There are important regional differences in survival across Europe reflecting differences in the effectiveness of health-care systems, availability of diagnostic and therapeutic facilities, and quality of treatment. Whereas the 5-year relative survival for men with colon cancer is higher than 55% in Spain, France or Austria, it is below 45% in Denmark, Wales or countries in Eastern Europe (26.3% for Poland). Relative survival rates for men diagnosed with colon cancer during 1982–92 in five developing countries – China, Cuba, India, the Philippines, and Thailand – ranged from 28% to 42%.

Stage at diagnosis is probably the major prognostic factor. It has recently improved in many countries because of better information with earlier visits to the doctor for digestive tract symptoms and more widespread use of endoscopy. The proportion of tumors diagnosed at an advanced stage remains too high, however, with 20–30% of patients having clinically detectable metastases at the time of the initial diagnosis. Stage at diagnosis is the major determinant of survival differences between European populations.

Age is also a major prognostic factor. In Europe, 5-year relative survival for colon cancer declines slowly with increasing age up to 74 years (from 56% to 51% between 45–54 years to 65–74 years), but fell sharply in patients over 74 years (46%). The prognosis of elderly patients is bad and, contrary to what was observed for younger patients, there was no significant change for survival in elderly patients. Those patients are more likely to be diagnosed with advanced stage and less likely to receive optimal treatment. This is a major public health problem since, in the near future, the majority of colorectal cancers will occur in patients aged 75 and above.

It is well established that socioeconomic status is a major prognostic factor for many cancers, including colorectal cancer. In England and Wales, improvements in survival were usually greater for those living in affluent areas than those in deprived areas, even after correction for the widening differences in overall mortality between rich and poor. The overall increase in survival during the 1990s was significantly associated with a widening deprivation gap in survival, suggesting the influence of delay or less effective access to diagnosis and treatment for patients living in more deprived areas.

In the United States, racial disparities are particularly pronounced. Whereas colorectal cancer mortality rate decreased approximately 1.9% a year for white patients, it has fallen by 0.8% a year for African-American patients. The 5-year relative survival was 65% for Whites and 55% for African-Americans. Much of this difference in survival is explained by differences in stage at diagnosis. This apparent race effect is in fact a socioeconomic effect: African-Americans have lower median incomes, are more likely to be poor, less likely to have health insurance, and more likely to have less than a high school education than white patients.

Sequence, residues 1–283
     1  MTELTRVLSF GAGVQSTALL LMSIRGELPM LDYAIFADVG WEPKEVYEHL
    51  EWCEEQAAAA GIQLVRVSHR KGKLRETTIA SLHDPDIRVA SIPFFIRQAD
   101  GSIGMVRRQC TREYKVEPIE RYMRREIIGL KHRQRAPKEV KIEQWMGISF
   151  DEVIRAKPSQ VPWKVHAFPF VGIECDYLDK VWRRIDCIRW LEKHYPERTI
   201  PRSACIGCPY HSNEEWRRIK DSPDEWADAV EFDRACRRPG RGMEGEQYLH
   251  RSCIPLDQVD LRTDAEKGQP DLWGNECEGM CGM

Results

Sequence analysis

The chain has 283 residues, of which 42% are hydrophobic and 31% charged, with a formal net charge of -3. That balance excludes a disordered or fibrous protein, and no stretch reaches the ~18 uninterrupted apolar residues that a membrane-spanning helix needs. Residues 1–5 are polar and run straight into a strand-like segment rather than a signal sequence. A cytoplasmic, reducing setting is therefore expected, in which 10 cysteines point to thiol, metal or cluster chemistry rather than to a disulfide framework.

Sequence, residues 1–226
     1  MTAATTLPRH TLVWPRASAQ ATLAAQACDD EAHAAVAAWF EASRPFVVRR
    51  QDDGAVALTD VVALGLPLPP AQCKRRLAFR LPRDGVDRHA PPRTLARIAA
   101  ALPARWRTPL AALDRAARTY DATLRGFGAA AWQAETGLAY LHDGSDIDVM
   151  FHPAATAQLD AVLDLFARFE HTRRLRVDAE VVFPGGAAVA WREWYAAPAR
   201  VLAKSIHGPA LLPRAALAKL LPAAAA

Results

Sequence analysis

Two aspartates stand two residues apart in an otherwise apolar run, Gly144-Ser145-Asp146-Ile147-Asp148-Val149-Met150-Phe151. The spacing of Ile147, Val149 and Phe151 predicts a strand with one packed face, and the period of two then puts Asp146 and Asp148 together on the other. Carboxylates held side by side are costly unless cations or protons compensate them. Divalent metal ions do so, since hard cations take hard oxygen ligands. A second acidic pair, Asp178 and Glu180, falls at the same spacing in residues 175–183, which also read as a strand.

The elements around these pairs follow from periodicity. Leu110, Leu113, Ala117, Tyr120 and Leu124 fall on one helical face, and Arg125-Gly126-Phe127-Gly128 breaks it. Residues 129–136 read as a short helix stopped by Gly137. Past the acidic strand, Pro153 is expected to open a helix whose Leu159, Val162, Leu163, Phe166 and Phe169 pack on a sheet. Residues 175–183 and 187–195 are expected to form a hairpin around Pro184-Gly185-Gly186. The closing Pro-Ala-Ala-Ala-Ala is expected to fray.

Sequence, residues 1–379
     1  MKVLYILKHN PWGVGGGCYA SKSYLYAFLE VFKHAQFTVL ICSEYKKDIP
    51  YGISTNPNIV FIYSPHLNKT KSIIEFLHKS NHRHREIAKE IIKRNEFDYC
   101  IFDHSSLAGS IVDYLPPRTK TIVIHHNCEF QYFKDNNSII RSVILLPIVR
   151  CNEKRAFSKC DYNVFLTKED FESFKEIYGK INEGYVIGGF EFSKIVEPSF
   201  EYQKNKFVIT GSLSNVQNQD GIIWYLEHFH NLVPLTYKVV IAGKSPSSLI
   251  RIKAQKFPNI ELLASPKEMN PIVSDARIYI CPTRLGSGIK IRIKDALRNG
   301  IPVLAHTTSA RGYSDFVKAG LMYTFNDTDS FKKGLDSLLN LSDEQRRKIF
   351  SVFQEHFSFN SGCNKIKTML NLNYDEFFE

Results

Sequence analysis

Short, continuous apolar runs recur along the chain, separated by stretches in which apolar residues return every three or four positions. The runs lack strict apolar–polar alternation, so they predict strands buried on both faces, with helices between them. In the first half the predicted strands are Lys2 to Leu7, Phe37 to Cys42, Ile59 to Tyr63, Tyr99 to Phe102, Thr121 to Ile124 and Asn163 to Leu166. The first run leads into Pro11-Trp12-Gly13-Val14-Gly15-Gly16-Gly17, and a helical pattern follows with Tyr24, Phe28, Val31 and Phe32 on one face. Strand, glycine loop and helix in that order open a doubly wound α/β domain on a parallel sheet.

Risk Factors And Causes

The risk factors for colorectal cancer are both environmental and genetic. There is no family history in approximately 70% of colorectal cancer, and these cases are considered to be sporadic. Roughly 10–30% of colorectal cancers occur among patients with a familial risk. Fewer than 5–10% of colorectal cancer cases develop in the setting of defined hereditary cancer syndrome with an inherited predisposition related to specific germline mutation. Familial adenomatous polyposis (FAP) and hereditary nonpolyposis colorectal cancer (HNPCC, or Lynch syndrome) are the most common of these familial colon cancer syndromes (Figure 1).

Colorectal Cancer Research Paper

Familial Cancer Syndromes

Familial Adenomatous Polyposis

FAP is caused by a germline mutation in the adenomatous polyposis coli (APC) gene and inherited in an autosomal dominant pattern. FAP and its variants account for less than 1% of colorectal cancers. Patients with the classical form of FAP develop hundreds to thousands of colon polyps, usually starting in their teenage years. All patients will develop colorectal cancer from the colon polyps by age 40 and must be offered a prophylactic colectomy to prevent cancer. A milder type of familial adenomatous polyposis, called autosomal recessive familial adenomatous polyposis, has been identified and is related to mutations of the MYH gene. People with the autosomal recessive type have fewer polyps than those with the classic type.